Friday, November 16, 2012
It's Not Ordinary
There's a moment just before the dawn in western Maine. It's not ordinary.
You have to have a view of it. The valley tumbles in the gulley where the river slinks by, and we're bedded on the slope. There's enough height to the windows to see something.
The mountains are massed on the right. They're a kind of feminine. They don't have the brutish angularity of the Rockies or the asexual simple dun dirt waves of the desert southwest. They have the curve of a lover's hip under a blanket. The highway's there, hard by the river it replaced, but you can't see it. The moon's gone home and the stars haven't got the horsepower so the road is an anonymous pancaked ribbon mixed in with the hayfields. It's an unnatural shape here -- flat -- so you can find it in the dark.
The semis cruise on by, their wheels invisible at this distance, looking like phosphorescent caterpillars crawling along the treeline. Though we've been here near three years, my wife and I still mordantly say, "Logs" every time a truck laden with boles cruises past. They go day and night to the mill that nobody in their right mind would want stinking of sulfur in the middle of their town, but everyone knows in their hearts that it's the only reason the town is here. It makes paper that no one much needs except the people that make it and the politicians that keep the place open for them. If the town doesn't need the mill, it doesn't need anyone.
They used to float the logs down the river in a big wooden scrum, and collect them at the big falls just downriver. I think of it now and again as I pause at the window in the kitchen in the starlight. The hollow thunk of the boles jostling for position in their languid race down the river must have been something. Mainers thought it was too hard on the river to have trees floating down it, so we travel half a world and get oil to make gasoline to feed a chrome horse and buggy and drag the trees on a ribbon of nasty congealed tar from Venezuela next to the river no one uses any more. It's a kind of progress.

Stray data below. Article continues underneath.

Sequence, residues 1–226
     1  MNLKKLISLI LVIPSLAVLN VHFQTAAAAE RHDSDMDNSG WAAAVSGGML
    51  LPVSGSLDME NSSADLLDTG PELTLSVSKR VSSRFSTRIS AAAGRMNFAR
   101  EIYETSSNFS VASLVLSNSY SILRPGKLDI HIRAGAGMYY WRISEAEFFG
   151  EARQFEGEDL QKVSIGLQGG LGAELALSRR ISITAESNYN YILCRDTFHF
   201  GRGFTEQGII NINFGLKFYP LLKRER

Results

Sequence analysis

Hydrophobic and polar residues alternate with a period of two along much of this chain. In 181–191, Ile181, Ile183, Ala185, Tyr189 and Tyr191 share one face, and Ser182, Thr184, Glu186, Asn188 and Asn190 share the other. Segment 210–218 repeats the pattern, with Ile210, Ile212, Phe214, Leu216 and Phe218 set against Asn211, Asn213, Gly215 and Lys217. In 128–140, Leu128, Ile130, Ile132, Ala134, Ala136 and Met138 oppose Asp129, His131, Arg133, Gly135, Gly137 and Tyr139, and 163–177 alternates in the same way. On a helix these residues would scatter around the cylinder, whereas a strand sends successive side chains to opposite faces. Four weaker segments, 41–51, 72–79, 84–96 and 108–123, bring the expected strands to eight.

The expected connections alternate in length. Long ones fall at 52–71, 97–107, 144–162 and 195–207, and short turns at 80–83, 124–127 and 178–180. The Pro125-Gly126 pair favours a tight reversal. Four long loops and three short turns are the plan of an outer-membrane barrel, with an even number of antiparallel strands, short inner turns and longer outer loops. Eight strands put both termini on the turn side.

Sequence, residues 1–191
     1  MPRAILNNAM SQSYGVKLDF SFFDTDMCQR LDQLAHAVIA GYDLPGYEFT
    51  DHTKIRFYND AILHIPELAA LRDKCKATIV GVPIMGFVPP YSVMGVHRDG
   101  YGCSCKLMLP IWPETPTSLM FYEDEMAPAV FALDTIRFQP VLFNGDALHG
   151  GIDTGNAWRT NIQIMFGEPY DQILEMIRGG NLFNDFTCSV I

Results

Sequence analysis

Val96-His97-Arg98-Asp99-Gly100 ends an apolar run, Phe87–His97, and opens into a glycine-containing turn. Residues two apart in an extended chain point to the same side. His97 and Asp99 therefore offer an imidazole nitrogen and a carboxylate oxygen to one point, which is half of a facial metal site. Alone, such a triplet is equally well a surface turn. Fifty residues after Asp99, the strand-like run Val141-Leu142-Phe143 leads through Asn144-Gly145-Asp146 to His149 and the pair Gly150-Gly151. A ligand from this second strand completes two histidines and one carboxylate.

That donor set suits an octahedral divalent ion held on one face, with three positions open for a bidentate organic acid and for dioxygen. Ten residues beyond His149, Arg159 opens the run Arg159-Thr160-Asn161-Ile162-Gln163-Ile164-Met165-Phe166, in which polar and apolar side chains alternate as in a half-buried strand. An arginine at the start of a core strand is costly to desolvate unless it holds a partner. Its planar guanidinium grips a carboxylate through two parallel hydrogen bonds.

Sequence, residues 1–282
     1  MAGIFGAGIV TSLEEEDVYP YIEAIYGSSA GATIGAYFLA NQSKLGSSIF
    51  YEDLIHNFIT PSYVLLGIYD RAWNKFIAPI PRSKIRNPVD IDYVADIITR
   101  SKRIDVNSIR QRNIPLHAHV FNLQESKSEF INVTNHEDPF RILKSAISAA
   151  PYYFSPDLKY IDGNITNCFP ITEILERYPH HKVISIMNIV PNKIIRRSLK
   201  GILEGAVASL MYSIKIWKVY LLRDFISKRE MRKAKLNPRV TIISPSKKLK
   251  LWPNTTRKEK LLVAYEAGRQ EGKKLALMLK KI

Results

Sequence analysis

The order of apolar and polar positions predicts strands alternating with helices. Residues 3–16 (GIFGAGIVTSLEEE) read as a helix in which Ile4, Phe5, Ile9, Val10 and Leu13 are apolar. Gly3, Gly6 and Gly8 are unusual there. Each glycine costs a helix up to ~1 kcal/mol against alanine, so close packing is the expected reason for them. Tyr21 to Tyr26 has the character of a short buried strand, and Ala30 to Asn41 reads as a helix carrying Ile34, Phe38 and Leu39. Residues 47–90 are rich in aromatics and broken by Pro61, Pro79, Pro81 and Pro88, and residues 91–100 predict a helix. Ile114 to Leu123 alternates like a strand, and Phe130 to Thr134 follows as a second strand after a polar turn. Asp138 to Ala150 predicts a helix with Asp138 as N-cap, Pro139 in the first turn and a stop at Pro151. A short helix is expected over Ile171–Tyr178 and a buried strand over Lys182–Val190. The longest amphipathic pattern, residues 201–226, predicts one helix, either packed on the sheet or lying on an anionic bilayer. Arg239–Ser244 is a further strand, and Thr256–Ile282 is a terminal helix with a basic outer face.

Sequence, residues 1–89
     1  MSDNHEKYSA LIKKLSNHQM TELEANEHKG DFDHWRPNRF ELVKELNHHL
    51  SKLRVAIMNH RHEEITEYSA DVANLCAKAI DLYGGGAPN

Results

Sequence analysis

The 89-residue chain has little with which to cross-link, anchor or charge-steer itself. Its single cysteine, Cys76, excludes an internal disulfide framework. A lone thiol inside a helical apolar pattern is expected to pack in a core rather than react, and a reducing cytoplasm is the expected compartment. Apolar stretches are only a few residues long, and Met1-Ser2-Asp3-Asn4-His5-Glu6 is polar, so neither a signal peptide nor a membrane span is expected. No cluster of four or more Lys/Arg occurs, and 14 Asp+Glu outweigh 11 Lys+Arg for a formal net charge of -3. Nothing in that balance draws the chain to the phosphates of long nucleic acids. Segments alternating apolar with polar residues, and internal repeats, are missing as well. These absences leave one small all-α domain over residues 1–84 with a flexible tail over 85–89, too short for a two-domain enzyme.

It was too hard on the men, too, they say. Walking on hobnailed boots on the big cylinders of wood and poling the jams apart was tough work. They are all kept safe now. They wash down their oxycodone with whiskey and nod on their couch until their cigarette sets them alight and the house burns down around their ears while the firemen stand outside and tell the neighbors you can't go in there. But they weren't in any danger.
I'm all alone with the peach and powder blue of the southern sky. No one need be awake but me. There will be no heat that I do not make today, and I can't stay long to watch the color spread across the sky and rob it of its stars. The sun is working now, and I can see the entire world is silver with frost. The sky is Maxfield Parrish over a world of Albrecht Durer.
You rake out the coals and put in each junk of silver maple and oak like an offering. The smoke comes that signals the fire in the offing and you sit a minute and stare at the twinkling embers brought alive with air and attention and wonder if the world will ever be warm again.